The game's interface is a 3D 3rd-person view, and to go places you just click there, or click on items to inspect, manipulate or take them. Double-clicking causes the guy to run to his destination, but let me ask you something that I have never understood in these games - Why? Why doesn't he just run there with a single click, since all anyone does is double-click anyway? You see the same things whether he runs or not, since you get to examine the scene he is running across whether he's running, walking, or standing still. But I guess that's just me.
The left-click to interact and right-click to examine an object/location/person works really well, since there is really only one way you can reasonably interact with a certain object. The icon will also change to tell you how you can manipulate something, so in case there was any question, you can see before you click.
Finding the thing you are supposed to click on can be difficult, especially in the larger screens (the ones where you are so small you can barely see yourself, that is). But, with a little perseverance you can locate everything on the screen eventually. Or, if you get frustrated, you can hit the 'H' key to put outlines on all objects and exits.
Your inventory is easily accessed by moving the cursor all the way to the bottom of the screen. It then pops up, and you can see what items you have available. To use an item, simply left-click on it, go back to the game screen, and click on the thing on which you want to use it.
There is one inventory item that bears a specific description: the Messenger. Once you pick this up, it stays with you, and, instead of using it with an object, you click on it to bring it up in the game window. You then turn it on, and use it to make calls, either to information, or numbers you've already dialed. You can do other things with it so, trust me, you are going to be using it a lot.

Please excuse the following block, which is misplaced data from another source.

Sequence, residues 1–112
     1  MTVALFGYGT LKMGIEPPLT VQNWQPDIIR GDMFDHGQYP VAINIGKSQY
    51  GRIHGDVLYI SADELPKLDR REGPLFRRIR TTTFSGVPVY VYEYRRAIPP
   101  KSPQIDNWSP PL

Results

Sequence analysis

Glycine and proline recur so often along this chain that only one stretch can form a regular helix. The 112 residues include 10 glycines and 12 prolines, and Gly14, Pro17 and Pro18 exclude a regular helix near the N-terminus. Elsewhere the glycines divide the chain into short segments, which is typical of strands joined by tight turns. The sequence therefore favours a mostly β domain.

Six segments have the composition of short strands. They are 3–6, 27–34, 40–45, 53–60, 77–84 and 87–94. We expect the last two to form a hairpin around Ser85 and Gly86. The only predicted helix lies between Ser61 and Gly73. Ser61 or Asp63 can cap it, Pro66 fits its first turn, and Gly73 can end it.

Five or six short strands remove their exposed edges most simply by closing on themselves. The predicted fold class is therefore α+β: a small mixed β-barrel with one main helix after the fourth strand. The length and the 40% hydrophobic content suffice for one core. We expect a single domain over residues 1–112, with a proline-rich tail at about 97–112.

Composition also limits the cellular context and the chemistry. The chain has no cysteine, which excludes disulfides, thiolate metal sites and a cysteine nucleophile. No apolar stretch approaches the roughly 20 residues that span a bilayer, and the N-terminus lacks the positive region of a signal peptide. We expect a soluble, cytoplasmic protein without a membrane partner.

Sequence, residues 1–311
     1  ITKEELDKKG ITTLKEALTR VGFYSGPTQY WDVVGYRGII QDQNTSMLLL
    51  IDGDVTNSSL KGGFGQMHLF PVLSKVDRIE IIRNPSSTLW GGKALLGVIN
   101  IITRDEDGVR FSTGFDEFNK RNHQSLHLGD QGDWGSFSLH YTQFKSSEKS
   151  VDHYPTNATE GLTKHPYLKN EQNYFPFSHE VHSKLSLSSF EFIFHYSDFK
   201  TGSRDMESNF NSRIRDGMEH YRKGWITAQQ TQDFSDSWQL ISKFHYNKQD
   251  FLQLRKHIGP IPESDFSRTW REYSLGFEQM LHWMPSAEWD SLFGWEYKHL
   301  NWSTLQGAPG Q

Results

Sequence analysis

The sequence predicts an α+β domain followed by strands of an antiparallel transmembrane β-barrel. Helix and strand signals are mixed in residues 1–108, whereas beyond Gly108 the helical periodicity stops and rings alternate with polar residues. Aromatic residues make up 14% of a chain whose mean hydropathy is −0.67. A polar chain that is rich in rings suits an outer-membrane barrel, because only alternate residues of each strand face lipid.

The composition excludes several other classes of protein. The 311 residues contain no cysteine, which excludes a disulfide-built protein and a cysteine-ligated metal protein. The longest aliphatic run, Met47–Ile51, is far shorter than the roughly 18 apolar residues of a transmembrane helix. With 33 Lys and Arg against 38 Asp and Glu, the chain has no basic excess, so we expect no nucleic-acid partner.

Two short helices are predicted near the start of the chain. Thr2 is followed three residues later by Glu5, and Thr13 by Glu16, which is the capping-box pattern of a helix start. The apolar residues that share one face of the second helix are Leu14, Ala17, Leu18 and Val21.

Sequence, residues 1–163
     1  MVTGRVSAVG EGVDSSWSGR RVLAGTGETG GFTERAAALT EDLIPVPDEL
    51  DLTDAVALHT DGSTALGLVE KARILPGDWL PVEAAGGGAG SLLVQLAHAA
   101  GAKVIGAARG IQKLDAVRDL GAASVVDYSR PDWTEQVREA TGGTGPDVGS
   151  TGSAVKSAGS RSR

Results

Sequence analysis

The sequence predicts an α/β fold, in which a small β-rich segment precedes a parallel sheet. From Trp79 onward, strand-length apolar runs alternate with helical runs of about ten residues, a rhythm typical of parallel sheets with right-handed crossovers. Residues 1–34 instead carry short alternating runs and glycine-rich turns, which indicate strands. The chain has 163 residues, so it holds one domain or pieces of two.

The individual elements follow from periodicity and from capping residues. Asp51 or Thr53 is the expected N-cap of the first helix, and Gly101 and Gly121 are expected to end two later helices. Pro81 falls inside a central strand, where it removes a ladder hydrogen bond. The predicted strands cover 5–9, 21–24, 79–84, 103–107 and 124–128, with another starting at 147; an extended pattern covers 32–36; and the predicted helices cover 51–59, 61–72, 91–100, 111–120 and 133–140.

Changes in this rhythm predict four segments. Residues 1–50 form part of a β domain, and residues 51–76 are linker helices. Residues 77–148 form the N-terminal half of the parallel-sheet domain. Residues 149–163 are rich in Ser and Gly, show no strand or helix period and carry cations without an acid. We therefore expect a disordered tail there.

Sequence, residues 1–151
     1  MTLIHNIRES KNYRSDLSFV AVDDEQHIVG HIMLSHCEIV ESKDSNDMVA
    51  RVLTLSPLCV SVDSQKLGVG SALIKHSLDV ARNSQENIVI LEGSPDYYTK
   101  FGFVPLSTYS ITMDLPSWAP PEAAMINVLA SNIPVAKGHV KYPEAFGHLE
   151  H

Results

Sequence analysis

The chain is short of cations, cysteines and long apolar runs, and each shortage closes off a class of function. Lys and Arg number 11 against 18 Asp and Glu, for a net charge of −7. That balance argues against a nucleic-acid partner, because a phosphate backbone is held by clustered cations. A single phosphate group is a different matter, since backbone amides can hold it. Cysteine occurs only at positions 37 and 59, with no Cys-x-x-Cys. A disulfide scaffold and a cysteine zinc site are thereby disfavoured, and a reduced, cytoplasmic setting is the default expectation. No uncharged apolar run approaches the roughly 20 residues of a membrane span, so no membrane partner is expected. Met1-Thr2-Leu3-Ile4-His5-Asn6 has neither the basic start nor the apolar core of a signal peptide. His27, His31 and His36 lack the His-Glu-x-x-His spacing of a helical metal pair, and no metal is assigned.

The art is quite good, giving often breath-taking views of the near-futuristic Manhattan skyline and environs. The 3D characters are well constructed, and integrate seamlessly with the rendered backgrounds. All in all, MoS is very easy on the eye.
The voice acting is actually above par for this type of computer game. The people sound real, and you can tell just through their voices that they know how to emote.
I really liked the music in MoS. It's edgy and sort of techno, but it has sort of familiar overtones that tell you that you haven't strayed too far from reality. The sound effects are all through the game, and everything sounds just how it's supposed to, which is a lot harder than it sounds.
The game's story is rather in-depth, and all of the characters in it have rich, full backgrounds. As your gameplay proceeds, it becomes apparent, bit by bit, just how much work went into this aspect of the game.
The Moment of Silence is well worth the time of any adventure/puzzle game player. It had no problem earning the 4.5 GiN Gems I awarded it.
Greg Crowe is Game Industry News Features Editor. Due to his established history of having played every game in the universe he is uniquely qualified to evaluate games based on playability, innovation and place in history. You can contact him at : firstname.lastname@example.org.